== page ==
5. Handpieces provided to the CSU will be returned to the appropriate clinical areas.

Identification of Instrument Level

Different types of equipment are organized into three (3) main categories, per the CDC:

  1. Non-Critical;
  2. Semi-Critical; and
  3. Critical.

Non-Critical Instruments

  • Contact intact skin only
  • Barriers protect or clean and disinfect using a low to intermediate-level (i.e., tuberculocidal) disinfectant
  • EXAMPLES: X-ray head or cone and blood pressure cuff

Semi-Critical Instruments

  • Contact mucous membranes or non-intact skin
  • Lower risk of transmission
  • Should be heat sterilized or high-level disinfected
  • EXAMPLES: Slow-speed/high-speed handpieces, mouth mirrors, and amalgam condensers

Critical Instruments

  • Penetrate soft tissue or contact bone, enter into or contact the vascular system or other normally sterilize tissue
  • Greatest risk of transmitting infection
  • Must be heat sterilized between use, or sterile single-use, disposable devices used
  • EXAMPLES: Surgical instruments and periodontal scalers

Sterilization & Disinfection Methodologies

Sterilization is at the center of preventing cross-contamination as sterilization is a process that kills all forms of life and assists in breaking the Chain of Infection. Review this video to learn more about concepts related to the Chain of Infection. Within ASOD, sterilization is completed through the use of either a steam autoclave or vaporized hydrogen peroxide for low heat items. Sterilization of instruments is most commonly completed in ASOD via the Central Sterilization Unit, with the possibility of sterilization completed in other clinic areas. In order for any sterilization process to be effective in kills all the microorganisms, the instruments must be clean, which is why a combination of a Ultraviolet C (UVC) sanitizer, washer-disinfector, ultrasonic cleaner, and manual scrubbing techniques are utilized.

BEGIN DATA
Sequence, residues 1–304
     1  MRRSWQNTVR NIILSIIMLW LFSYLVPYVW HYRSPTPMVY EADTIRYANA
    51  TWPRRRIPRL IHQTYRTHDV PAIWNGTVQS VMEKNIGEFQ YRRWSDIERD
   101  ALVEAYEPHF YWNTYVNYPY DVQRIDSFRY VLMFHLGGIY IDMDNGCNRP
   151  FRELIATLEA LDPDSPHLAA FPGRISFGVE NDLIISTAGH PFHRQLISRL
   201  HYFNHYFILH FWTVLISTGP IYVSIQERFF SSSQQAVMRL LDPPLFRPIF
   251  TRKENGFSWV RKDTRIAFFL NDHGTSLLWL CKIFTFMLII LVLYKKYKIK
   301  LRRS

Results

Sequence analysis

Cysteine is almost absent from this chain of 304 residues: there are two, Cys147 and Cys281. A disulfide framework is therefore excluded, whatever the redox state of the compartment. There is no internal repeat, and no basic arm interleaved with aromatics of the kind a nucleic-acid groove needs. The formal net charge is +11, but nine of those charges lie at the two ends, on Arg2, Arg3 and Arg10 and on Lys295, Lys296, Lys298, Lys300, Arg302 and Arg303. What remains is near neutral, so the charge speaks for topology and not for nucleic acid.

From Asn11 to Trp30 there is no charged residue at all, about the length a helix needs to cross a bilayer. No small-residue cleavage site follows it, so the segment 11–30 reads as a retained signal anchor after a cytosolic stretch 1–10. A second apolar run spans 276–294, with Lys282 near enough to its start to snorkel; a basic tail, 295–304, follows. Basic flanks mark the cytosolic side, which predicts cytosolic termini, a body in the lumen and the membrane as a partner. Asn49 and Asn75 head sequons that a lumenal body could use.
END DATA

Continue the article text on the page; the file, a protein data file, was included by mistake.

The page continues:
1. UVC sanitizer
    1. Individuals utilizing this equipment should ensure that:
      1. UVC sanitizer is run for the pre-set amount of time, according to the manufacturer’s guidelines.